49

Trying to help out, I sometimes find myself in a dilemma.

Do I solve user's problem or answer the question?

I will give you an example: JasperReports: Error creating table trying to use CrossTab without column group

NOTE: I have edited the question as this post went on; see my answer; the original question was only about CrossTab with the title: "JasperReports: CrossTab without column group".

For you that are not familiar to JasperReports, the user is trying to use a function that is not the correct one based on desired output and his data source. (However, you could use the CrossTab, complicating the code and modifying the data source.)

The question states: "using the JasperReports CrossTab", I need to choose from these three actions.

  1. Write a comment that the use of CrossTab is not correct, maybe suggest to close it.

  2. Directly answer the question. Without column groups you can't do it; you need to setup your data source like an example of JRXML using CrossTab.

  3. Answer the easiest way to achieve his expected result, ignoring that he states "using the JapserReports CrossTab".

Action 1 is not very helpful to anyone, but maybe it's better to avoid confused questions.

Action 2 is maybe the most useful for the community: if someone is searching the Internet, they'll find an answer on how to use CrossTab (even if, in this question, it was not necessary).

Action 3 is the most helpful to the user since he wants a desired result (in this case I do not expect that the user will state that he can only use CrossTab for homework purposes).

Please advise on which action the community prefers.

  • 22
    lol - you will get moaned at, either way:) – Martin James Oct 26 '15 at 14:01
  • 6
    I would suggest commenting to explore why they're trying to do it that way - do they just not know about the other options, or have they ruled them out for some reason? – jonrsharpe Oct 26 '15 at 14:03
  • 1
    For me it was very clear that he just wanted to achieve a result and he just belived that he needed crosstab, so I felt that there was no need for clarification, hence he would have told no need for crosstab give the solution... – Petter Friberg Oct 26 '15 at 14:07
  • 1
    yeah I see your pain : _ ) – Coffee Oct 26 '15 at 15:52
  • 11
    Explain that it is an x/y problem and that y isn't the correct solution, then provide the correct solution. solving it incorrectly isn't very useful. You do risk being ridiculed by the op if they can't use whatever the "correct" solution is, and if that's an issue for you, i'd say just move on. – Kevin B Oct 26 '15 at 17:33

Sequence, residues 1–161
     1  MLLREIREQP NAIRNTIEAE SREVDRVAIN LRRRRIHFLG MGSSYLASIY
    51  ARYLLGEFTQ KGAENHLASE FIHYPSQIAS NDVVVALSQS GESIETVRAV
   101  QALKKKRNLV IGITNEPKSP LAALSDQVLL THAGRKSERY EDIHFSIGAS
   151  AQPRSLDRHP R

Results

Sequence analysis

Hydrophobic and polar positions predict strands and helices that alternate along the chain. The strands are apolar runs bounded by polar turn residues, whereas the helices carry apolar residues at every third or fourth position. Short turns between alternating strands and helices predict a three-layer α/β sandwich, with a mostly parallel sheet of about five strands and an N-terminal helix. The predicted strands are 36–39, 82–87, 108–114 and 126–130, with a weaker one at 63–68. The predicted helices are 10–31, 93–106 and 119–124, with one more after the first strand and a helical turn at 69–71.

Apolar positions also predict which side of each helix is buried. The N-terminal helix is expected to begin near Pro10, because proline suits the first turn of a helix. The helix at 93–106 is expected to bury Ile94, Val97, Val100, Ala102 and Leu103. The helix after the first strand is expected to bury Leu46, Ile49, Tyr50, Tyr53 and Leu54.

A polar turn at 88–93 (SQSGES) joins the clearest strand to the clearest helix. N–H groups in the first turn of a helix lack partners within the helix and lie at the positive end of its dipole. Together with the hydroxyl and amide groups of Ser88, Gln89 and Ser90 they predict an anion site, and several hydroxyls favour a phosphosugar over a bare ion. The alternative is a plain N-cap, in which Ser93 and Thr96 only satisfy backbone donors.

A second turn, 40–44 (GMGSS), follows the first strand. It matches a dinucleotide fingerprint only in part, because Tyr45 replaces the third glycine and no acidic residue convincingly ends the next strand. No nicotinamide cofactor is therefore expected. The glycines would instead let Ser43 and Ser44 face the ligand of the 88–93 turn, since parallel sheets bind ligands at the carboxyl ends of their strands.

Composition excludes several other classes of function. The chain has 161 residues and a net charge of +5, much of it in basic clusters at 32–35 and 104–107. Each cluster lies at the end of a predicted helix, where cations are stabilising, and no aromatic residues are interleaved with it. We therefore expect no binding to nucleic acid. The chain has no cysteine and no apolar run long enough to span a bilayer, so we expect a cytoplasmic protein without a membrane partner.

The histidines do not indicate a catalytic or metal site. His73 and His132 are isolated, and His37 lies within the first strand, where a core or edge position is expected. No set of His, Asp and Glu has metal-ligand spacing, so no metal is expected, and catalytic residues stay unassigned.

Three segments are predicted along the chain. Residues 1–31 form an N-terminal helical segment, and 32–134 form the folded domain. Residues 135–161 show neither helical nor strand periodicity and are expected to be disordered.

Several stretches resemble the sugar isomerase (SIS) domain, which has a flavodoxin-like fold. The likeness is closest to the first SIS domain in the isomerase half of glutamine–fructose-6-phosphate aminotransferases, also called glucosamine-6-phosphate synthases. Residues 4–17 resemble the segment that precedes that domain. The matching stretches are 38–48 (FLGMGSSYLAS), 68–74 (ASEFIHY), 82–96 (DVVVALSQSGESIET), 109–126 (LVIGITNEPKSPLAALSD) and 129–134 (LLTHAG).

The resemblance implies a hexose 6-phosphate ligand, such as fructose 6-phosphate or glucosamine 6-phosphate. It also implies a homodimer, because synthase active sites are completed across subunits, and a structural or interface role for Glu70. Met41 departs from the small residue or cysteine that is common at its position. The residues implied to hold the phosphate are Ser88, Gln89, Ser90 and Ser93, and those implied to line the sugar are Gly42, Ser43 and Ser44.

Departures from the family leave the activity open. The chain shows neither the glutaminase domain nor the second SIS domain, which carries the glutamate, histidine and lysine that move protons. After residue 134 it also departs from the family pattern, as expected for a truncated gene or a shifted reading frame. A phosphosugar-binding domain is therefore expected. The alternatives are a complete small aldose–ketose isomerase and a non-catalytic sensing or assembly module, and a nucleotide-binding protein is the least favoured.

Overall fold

• 10
    Also known as the "shoe or glass bottle" question. – Angew Oct 27 '15 at 14:05
  • I feel stupid for have to ask this, but what does "SO" mean in this context? – default locale Oct 28 '15 at 6:11
  • I feel even more stupied since with SO I intend the person asking the question, I have seen it in some comments.....and just went one accepting it not even knowing if this is correct way indicate the person asking the question, What is the correct way?, do you have an offical term?... (I edited the question for now).... – Petter Friberg Oct 28 '15 at 13:54
  • Ok perfekt thanks, I learn something new everyday @default locale i meant OP, question edit.. – Petter Friberg Oct 28 '15 at 15:29
  • 5
27

Whichever is most useful for future readers - who might find the question in a search.

It's important to keep sight of the fact that what Stack Overflow is trying to do is collate good answers to questions, and provide a source of reference.

Helping individual supplicants is actually more like a beneficial side effect of doing so - you need questions to give good answers in the first place.

So imagine in 6 months time - someone searches for the issue in the question, and finds this particular instance on Stack Overflow: What will be useful for them.

I would suggest there's no hard and fast answer, because it rather depends on how specific the asked question is. If they haven't given any additional constraints (such as - I can't use module X, it's not supported on platform Y) then take the general case - what would be the right way to tackle this problem?

If the answer is "don't do it like that" then that's an answer - albeit a poor one. If the answer is - "Don't do it like that, try this instead...." in which you lay out an alternative approach and rationale for why that'd be better... then this is the more useful long term answer to offer.

Some supplicants don't appreciate this - that's ok, they're not the only people in the equation.

Personally I will upvote answers that offer alternatives that:

  • are at least related, given scope of question. (Same language, operating system, etc. - answering "just do it in perl" on a java question isn't useful, but doing so on e.g. a Unix shell question might be, given that perl is a very common install on Unix )
  • Give a good reason why this alternative is an improvement. (I'm not fussy - there's some points that'll be a matter of opinion - some people really hate perl for some reason)
  • illustrate the alternative, so that someone with no prior knowledge can at least make a start with trying it out.
  • clarify when it might not be the appropriate choice (e.g. constraints that the supplicant may not have specified).

I will - if possible - try and finish of with "... but if you really want to do it with X, then then you need a Y". But chances are someone else will make a post with that anyway.

  • "the fact that what Stack Overflow is trying to do is collate good answers to questions", this was exactly my main worry when posting my answer, (i'm not answering using crosstab...), but as this post moved on I realized the maybe the solution lies not in the answer but the editing of the question.... So instead of spending time on multiple answers why not edit the question?.... – Petter Friberg Oct 27 '15 at 9:42
  • 2
    Cautiously - what you don't want to do is change what the supplicant asked. Especially not if there are people who answered that already. Asking a new - better - question might be worth doing though. – Sobrique Oct 27 '15 at 9:44
47

If you can be bothered, do both 2 and 3. Make an example using crosstab for the user's desired output, and another with the easier method.

  • 2
    Sure about this, not only is at lot of work but maybe everyting is getting more confusing, Seeing @jonrsharpe comment may the best would have been comment, then have the user to change the question and then answer... – Petter Friberg Oct 26 '15 at 14:18
  • @PetterFriberg Its how I would do it in this particular circumstance. – Magisch Oct 26 '15 at 14:18
  • Ok thanks, I will try do notify user if he can change the question. – Petter Friberg Oct 26 '15 at 14:21